If schools produce well-educated and skilled graduates, the nation’s economy will grow. That belief has been at the very heart of school reform since the late-1970s. Yet the belief is suspect, Larry Cuban points out, ”because even economists, the ones who are expected to know, cannot point with assurance at precisely which factors cause economic growth.”
In 2004, a group of top economists published the Barcelona Development Agenda announcing in it that ‘there is no single set of policies that can be guaranteed to ignite sustained growth.’ Not that economists are shy about identifying factors that explain economic growth. It is just that there are too many explanations. One recent survey found 145 separate factors linked to economic growth, yet most of these factors could not be isolated as ones that caused heightened growth. Yes, formal education was one of the 145 factors.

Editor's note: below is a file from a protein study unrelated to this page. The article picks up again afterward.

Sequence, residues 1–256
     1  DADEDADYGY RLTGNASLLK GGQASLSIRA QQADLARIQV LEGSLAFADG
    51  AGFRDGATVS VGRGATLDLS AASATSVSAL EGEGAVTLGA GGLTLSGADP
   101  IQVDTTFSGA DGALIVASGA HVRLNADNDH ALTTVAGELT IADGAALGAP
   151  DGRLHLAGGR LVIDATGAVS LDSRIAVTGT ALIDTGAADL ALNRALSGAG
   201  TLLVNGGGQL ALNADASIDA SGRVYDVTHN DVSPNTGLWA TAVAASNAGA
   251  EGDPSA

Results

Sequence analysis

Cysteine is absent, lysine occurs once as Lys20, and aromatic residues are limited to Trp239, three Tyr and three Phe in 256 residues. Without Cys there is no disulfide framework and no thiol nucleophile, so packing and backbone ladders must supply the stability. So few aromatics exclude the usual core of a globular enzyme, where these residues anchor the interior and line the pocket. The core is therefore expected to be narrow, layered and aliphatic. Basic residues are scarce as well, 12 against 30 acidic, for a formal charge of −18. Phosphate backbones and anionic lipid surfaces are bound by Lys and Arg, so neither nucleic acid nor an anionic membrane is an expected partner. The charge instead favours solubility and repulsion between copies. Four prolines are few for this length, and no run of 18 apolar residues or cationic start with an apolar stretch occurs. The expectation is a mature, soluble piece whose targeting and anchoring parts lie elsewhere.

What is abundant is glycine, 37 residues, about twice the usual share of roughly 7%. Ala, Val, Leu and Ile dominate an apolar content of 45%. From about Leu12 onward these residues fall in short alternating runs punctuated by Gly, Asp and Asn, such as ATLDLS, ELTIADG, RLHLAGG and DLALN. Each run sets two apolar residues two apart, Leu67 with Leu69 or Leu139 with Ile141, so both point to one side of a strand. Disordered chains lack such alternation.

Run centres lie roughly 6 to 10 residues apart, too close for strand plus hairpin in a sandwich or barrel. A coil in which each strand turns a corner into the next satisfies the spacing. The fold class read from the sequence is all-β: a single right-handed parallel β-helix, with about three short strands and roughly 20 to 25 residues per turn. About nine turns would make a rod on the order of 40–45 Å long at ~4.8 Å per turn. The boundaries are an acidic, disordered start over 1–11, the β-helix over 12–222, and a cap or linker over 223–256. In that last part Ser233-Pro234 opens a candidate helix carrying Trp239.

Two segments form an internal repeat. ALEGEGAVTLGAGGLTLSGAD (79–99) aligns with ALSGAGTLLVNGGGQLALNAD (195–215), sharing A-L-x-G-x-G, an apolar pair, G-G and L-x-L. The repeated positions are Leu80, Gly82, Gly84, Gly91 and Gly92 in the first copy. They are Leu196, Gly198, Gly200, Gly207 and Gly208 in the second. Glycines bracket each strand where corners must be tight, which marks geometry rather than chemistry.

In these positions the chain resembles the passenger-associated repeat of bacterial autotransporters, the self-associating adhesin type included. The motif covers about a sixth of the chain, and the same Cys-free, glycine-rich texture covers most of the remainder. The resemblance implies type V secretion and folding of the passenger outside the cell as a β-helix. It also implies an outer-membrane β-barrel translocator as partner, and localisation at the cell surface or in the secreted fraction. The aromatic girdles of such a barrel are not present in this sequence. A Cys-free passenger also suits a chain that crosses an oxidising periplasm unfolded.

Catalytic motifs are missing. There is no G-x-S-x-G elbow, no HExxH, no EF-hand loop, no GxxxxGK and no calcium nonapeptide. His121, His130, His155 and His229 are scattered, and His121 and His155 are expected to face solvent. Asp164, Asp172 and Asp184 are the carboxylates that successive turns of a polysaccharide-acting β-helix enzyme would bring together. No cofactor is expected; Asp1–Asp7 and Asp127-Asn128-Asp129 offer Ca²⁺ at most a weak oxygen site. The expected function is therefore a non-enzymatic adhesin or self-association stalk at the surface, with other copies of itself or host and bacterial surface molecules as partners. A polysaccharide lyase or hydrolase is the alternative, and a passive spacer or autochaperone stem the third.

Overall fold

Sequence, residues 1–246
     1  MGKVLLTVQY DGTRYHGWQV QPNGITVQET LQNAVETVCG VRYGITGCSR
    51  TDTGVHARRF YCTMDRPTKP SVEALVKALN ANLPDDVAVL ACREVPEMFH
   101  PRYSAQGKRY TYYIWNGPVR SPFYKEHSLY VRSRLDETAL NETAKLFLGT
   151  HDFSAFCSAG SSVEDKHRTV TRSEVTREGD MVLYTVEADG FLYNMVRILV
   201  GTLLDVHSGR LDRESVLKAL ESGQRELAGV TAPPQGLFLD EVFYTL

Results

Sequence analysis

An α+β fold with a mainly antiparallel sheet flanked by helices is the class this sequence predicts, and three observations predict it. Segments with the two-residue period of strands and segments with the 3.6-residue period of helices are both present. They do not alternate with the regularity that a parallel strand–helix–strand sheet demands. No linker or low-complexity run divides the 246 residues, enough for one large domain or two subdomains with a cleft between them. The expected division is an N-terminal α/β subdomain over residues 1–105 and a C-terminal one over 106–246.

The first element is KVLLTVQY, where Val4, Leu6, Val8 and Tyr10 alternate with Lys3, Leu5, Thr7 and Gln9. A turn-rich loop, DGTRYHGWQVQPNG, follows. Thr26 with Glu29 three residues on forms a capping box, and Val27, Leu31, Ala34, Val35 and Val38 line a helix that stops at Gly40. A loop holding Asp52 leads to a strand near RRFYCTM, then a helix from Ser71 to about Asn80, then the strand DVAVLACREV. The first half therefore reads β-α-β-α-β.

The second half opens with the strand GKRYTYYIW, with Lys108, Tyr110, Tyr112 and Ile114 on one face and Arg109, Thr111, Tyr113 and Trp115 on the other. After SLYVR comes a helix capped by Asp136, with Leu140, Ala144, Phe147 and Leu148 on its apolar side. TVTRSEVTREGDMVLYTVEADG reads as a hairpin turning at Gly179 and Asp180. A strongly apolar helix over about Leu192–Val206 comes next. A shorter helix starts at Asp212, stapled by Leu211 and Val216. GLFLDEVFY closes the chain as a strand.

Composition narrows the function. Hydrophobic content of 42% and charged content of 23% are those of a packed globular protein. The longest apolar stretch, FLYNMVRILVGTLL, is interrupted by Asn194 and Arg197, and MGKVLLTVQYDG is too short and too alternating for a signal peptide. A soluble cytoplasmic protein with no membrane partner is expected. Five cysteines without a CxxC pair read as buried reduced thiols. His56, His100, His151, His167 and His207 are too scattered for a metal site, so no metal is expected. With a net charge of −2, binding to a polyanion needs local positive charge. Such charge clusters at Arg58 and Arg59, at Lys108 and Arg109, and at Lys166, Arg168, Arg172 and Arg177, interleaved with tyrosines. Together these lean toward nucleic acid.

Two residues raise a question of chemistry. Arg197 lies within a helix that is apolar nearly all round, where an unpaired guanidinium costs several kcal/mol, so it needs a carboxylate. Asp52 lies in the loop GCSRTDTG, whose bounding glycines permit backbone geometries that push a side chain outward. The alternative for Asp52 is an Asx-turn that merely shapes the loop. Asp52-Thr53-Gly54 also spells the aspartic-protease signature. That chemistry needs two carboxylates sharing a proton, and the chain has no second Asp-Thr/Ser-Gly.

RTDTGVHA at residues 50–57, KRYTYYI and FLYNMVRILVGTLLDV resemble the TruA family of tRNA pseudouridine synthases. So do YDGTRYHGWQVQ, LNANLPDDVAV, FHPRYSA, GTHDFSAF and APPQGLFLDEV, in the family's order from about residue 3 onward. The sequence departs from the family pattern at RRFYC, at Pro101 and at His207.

Cuban writes on his blog that no one cites the example of Switzerland, which is one of Europe’s wealthiest countries, “yet has the lowest university attendance and graduation rates among OECD countries.” Similarly, he points out, several developing African nations including Angola, Zambia, Ghana have made major investments in education and increased their graduation rates with little discernible economic impact. The Stanford education professor cites ventriloquist Todd Oliver and Irving, his talking dog, as a “harmless shared illusion,” since no one really believes the dog can talk. But the idea that education exists to grow the economy, he writes, is not a harmless illusion.
There are many reasons to have strong schools in a society beyond, but including, economic ones. Although they hardly get mentioned by policymakers save in throwaway lines at graduation ceremonies, expanded literacy in service of developing an engaged citizenry who, in fulfilling their civic obligations, build better communities and live moral lives are, and have been, historic reasons for investing tax dollars in American schools.
“Historically, schools have sought to serve society and the individual in many ways beyond job preparation,” Cuban writes. “Not now.”